First body recovered from China landslide, 85 still missing

Beijing: The first body was pulled today from the rubbles of construction sites collapsed due to one of China's worst landslides that hit an industrial park in the country's manufacturing hub, with hundreds of rescuers mounting a massive operation to find 85 people still missing.

Rescue workers look for survivors after a landslide hit an industrial park in Shenzhen, south China's Guangdong province
Rescue workers look for survivors after a landslide hit an industrial park in Shenzhen, south China's Guangdong province. AFP PHOTO

Citing an initial probe about the disaster which left 85 people missing, the Chinese Ministry of Land and Resources said large amount of soil and waste from the Hongao construction site was dumped there. The body recovered this morning was the first confirmed death, with the chance of finding survivors decreasing by the hour.

Using life detectors, excavators and drones about 3,000 rescue worker carefully dug through the nearly five-storey mud pile stretching up to 10 football fields for survivors. The rescuers were close to reaching the first floor of a buried office building last evening, the report said. Experts flown to the area for rescue operations dug five large pits through which they tried to detect signs of life using life detectors.

"The rescue is extremely difficult with mud and silt filling up the excavation," Cui Bo, a firefighter present at the scene said. Beneath the mud lies 33 low rise buildings, 14 factories, two offices, one canteen and three dormitories of the industrial estate of Shenzhen.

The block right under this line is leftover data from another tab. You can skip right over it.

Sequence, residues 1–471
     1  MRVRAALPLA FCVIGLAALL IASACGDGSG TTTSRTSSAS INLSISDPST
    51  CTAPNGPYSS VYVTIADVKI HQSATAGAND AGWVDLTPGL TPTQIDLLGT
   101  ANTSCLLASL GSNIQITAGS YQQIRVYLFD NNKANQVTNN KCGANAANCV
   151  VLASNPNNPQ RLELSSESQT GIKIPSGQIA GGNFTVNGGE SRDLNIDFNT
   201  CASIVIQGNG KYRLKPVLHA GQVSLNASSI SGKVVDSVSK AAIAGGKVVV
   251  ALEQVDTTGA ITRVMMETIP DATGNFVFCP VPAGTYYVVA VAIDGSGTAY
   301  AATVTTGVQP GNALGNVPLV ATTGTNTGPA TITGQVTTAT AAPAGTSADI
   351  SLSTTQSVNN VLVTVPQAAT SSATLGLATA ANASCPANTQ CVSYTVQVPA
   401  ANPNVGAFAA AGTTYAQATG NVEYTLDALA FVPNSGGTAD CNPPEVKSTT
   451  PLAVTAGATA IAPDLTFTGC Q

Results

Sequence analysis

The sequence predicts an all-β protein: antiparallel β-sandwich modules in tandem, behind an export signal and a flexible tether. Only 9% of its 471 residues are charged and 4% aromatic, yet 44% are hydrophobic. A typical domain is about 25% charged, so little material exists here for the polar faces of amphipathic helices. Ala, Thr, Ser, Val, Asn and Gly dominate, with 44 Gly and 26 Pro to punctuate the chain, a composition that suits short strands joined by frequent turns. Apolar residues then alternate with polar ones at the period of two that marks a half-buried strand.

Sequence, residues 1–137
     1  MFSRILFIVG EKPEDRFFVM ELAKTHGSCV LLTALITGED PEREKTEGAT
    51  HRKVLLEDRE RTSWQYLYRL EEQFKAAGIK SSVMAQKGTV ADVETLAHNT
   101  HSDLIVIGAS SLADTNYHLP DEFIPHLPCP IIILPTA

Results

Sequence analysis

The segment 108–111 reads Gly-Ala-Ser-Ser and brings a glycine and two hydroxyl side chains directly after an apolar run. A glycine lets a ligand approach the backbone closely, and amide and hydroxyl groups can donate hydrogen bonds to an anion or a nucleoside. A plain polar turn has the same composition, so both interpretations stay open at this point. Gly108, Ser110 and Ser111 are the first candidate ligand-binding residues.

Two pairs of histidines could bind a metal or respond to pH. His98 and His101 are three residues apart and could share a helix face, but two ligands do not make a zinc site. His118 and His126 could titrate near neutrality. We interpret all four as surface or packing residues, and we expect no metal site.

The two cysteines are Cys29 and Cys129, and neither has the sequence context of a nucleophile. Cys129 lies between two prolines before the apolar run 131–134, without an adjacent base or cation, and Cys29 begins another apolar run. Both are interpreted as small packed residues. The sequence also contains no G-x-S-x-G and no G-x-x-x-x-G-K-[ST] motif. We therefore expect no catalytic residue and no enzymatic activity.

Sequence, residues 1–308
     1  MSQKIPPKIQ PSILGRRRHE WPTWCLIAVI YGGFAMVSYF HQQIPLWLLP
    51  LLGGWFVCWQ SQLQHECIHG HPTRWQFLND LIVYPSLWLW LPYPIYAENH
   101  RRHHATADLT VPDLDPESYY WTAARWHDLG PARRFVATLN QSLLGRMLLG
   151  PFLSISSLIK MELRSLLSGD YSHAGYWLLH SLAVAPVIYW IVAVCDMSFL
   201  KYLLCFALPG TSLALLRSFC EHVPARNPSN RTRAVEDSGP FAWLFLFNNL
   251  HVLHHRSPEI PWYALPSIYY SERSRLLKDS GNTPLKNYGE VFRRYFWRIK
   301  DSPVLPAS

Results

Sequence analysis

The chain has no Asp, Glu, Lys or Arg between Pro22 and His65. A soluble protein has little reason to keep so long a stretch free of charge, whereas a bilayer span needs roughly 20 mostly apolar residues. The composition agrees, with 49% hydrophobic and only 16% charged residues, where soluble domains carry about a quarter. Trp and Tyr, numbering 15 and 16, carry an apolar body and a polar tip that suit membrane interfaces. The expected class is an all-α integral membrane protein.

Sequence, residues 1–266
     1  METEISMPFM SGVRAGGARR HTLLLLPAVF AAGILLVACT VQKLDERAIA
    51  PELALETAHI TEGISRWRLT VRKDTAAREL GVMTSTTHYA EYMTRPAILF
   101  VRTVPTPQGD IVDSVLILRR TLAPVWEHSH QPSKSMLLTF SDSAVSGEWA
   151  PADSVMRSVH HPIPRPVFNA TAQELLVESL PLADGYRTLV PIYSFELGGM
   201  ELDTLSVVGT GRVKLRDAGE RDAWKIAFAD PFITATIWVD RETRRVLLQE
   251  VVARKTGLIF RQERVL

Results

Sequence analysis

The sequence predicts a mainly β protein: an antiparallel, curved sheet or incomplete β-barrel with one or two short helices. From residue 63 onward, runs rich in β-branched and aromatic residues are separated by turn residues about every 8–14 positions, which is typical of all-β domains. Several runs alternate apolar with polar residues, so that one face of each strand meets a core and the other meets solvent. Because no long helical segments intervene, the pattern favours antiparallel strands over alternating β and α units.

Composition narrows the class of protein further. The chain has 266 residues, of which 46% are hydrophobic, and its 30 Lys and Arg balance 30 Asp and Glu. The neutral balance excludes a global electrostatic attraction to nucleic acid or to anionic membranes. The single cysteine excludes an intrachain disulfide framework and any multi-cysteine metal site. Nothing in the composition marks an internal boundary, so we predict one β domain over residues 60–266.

The risk of landslides has existed since the opening of the dump, which was originally a quarry. Plants were badly damaged in the exploitation of the land, leading to serious soil erosion, a report released in January by Shenzhen Zongxing Technology on the field's environmental effects said.

Workers at the site said the soil swept down from a height of 150 metres to the industrial parks, leaving over 100,000 square metres of debris with a depth of up to 10 metres. "Risks of landslide are already there, and precautionary measures should be taken when soil waste on the hill reaches 50 metres high," a researcher surnamed Ma, who specialises in geological exploration at Shenzhen Investigation & Research Institute Co, said.

Shenzhen, a boomtown in southern China, has seen tremendous growth over the past three decades. Office and residential buildings are rising rapidly to meet the demand of the city's booming high-tech industries and growing population. A number of subway lines are under construction or about to begin construction in the city, with the aim of adding 11 lines in the next 15 years.

With a huge amount of construction waste being produced and limited land resources, it has become a problem for Shenzhen to find places to dump the waste. Roughly 30 million cubic meters of construction waste is produced in Shenzhen each year - more than three times the amount in 2007, when it was 9.5 million cubic metres, according to statistics from the city's environmental health department.

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